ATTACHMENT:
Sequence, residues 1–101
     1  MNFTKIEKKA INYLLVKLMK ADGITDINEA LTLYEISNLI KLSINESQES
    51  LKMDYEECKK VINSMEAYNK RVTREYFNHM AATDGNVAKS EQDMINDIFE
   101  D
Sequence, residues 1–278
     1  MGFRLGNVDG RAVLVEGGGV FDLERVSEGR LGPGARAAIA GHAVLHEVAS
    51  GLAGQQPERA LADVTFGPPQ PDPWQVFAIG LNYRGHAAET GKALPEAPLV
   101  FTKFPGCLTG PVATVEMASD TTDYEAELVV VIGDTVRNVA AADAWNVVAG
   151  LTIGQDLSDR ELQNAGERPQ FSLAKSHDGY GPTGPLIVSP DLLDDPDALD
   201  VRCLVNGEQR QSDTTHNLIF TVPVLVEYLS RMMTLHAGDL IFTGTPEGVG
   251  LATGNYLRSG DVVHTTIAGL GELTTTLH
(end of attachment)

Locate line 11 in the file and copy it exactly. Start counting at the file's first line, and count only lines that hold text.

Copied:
   251  LATGNYLRSG DVVHTTIAGL GELTTTLH